Peering into ultrasound machines
By Robert Cravotta, Technical Editor - June 25, 2009
Ultrasound finds use in noninvasive imaging in cardiac, obstetric, gynecologic, and other diagnostic areas. What’s inside this tool that is playing an expanding role in today’s medical world?
The systems often operate in the 2- to 20-MHz frequency range. An ultrasound system transmits a phased array of sound waves through a linear transducer so that the waves constructively combine at a focal point. Transducers contain piezoelectric elements that are in sizes and shapes, such as linear or curved, to fit the application. As the generated sound waves propagate toward the focal point, they undergo a slight change in direction and produce a reflected sound wave each time they cross through matter of different densities. The linear transducer alternates between transmitting time-delayed sound pulses and receiving the reflection of these pulses as they pass through a region of interest. A variable controlled amplifier scales the reflected sound waves before an ADC samples and passes the data to the front-end processing of the system.
The front-end processing controls and performs beam-forming, which involves steering and focusing the phased array of sound waves. Steering involves sweeping the angle and direction of the beam to focal points with a precomputed depth. Focusing involves exciting multiple piezoelectric elements in the transducer with precisely time-delayed pulses so that the sound waves converge at each focal point along a scan line. When the sound waves reach the focal point, some of the sound reflects back toward the transducer as if the focal point were emitting the sound. The receiver’s beam-forming ability detects the time delay, phase, and amplitude of the reflected sound wave at each focal-point location to reconstruct the flight path of the waves using a delay and sum algorithm to support creating an ultrasound image.
The midprocessing end lacks a common definition, but it can include filter, detection, and compression processing on a scan line of beam-formed data. The filter processing is typically bandpass filtering to reduce noise and to select whether the imaging uses the fundamental frequency, as in conventional imaging, or the second harmonic, as in harmonic imaging. Conventional imaging has better penetration when detecting images deep in a human body; however, harmonic imaging supports better tissue-distinguishing resolution from-higher frequency operation.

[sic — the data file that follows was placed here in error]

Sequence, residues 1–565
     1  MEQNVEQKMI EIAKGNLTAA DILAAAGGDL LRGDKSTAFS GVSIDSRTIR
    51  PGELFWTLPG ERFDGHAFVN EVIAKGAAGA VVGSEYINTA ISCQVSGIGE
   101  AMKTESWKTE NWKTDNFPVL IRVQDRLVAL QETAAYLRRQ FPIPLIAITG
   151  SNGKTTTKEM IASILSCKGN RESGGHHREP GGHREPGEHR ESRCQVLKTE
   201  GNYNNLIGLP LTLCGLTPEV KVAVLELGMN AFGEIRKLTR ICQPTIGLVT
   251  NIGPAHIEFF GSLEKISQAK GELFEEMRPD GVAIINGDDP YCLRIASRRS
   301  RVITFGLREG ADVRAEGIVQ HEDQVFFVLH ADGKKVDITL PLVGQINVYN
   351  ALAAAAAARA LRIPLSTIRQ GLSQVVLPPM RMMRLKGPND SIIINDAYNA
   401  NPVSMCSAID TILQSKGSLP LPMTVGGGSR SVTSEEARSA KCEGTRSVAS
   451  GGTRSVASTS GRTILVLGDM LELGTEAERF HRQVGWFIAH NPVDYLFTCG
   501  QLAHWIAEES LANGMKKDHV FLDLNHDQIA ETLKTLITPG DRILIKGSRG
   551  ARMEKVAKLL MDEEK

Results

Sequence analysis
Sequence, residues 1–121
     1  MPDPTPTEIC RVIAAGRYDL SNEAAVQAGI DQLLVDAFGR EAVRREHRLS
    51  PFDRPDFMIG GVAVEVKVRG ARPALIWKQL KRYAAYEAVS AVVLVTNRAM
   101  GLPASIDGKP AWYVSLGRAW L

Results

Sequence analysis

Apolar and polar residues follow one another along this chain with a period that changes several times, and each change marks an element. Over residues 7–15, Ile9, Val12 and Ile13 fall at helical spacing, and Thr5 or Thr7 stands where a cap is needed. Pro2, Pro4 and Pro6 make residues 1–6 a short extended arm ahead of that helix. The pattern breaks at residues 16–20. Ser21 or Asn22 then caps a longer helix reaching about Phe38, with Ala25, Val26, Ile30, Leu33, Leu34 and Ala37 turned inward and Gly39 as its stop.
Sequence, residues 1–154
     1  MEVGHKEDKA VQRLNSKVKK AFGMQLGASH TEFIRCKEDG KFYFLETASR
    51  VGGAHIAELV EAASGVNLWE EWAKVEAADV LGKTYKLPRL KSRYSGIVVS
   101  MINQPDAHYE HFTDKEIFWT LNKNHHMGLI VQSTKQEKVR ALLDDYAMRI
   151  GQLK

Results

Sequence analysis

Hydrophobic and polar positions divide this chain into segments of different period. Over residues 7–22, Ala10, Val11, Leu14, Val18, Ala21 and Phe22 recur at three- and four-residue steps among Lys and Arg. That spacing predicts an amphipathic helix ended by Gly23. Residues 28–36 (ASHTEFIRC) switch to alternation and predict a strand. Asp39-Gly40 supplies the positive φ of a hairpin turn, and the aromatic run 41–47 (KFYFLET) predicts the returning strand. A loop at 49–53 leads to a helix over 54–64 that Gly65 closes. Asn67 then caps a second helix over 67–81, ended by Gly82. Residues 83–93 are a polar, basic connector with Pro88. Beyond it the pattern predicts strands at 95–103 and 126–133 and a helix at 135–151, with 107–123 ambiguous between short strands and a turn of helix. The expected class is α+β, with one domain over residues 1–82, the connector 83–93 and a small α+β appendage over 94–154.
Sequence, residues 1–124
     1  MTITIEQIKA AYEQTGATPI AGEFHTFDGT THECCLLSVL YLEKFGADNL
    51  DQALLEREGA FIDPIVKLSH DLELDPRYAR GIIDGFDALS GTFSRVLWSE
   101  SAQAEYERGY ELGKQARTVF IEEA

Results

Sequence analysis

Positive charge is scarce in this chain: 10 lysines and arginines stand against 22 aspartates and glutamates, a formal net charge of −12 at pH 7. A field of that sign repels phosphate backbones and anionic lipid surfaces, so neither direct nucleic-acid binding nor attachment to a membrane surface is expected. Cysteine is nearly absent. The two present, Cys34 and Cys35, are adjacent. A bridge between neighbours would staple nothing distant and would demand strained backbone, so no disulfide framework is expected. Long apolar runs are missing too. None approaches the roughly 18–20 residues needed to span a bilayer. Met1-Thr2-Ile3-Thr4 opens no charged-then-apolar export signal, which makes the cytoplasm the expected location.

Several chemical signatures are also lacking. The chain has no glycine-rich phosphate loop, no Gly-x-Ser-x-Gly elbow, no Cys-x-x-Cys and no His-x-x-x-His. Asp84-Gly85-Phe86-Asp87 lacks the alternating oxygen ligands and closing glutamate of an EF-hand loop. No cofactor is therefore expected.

The detection processing extracts a signal from the envelope of the signal. A complex rotator demodulates the signal in baseband; lowpass filtering then eliminate side lobes. This technique requires that the system must know and track the operating-center frequency. The system may perform additional lowpass filtering with decimation or interpolation before presenting this data for back-end processing. Another form of detection uses a Hilbert transform, an operation that is independent of the operating frequency but more complex than the rotator approach.
The back-end processing focuses on forming quality images for display from the received data. The type of processing and order of operation depend on the application and overall system configuration. Back-end processing can perform a variety of operations to ready an image for display. A scan conversion interpolates raw-data coordinates to displayed-data coordinates. The raw data can be in Cartesian coordinates for linear probes or polar coordinates for curvilinear or phased-array probes. Angle or spatial compounding uses multiple images to reduce "speckle"—a random intensity pattern produced by the mutual interference of a set of wave fronts—by combining views of the same object from different angles. Because the speckle in each view is uncorrelated, the resulting image can significantly reduce the amount of speckle. Frame-smoothing techniques reduce noise without blurring the image’s edges. Edge-detection techniques can help remove this blurring.
Doppler processing focuses on measuring and displaying shifts and motion of structures, such as blood flow, in the data. A CW (continuous-wave)-Doppler system is analog and is highly sensitive and selective so that it can estimate velocities. It is appropriate for spectral display, which continuously displays and updates data. To overcome the range ambiguity in CW-Doppler processing, a system can use a PW (pulsed-wave) Doppler, which sends known pulses to a target at a certain range. Doppler causes the received pulses to dilate or contract so that the delay in the arrival of the pulse provides velocity information.
Display-mode-dependent processing is vendor-specific and plays a critical role in producing images on the display. This type of processing can include look-up tables to convert echo amplitudes to display brightness or color to adjust for ambient lighting. This type of processing can involve the combination of simultaneous overlays, such as color Doppler and color-flow imaging. Display-mode-dependent processing can also include support for the user interface, including menus, help, and display options.
Block diagram courtesy Texas Instruments; images courtesy Zonare Medical Systems. For more information about ultrasound, see "Diagnostic ultrasound gets smaller, faster, and more useful," EDN, June 25, 2009, pg 21.